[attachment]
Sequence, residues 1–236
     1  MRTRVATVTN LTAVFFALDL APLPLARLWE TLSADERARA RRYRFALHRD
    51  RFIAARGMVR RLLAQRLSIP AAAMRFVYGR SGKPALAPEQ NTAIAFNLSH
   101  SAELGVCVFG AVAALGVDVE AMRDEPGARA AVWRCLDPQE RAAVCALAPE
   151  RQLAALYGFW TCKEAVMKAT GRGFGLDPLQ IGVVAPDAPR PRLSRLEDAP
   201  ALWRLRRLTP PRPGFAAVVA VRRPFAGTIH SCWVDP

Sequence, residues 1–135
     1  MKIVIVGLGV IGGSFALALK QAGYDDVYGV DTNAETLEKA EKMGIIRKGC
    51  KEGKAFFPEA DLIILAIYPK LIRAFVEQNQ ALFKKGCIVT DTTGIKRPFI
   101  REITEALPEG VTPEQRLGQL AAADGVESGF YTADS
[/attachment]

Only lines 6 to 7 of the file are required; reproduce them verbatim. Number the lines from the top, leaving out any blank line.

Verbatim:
   201  ALWRLRRLTP PRPGFAAVVA VRRPFAGTIH SCWVDP

Sequence, residues 1–135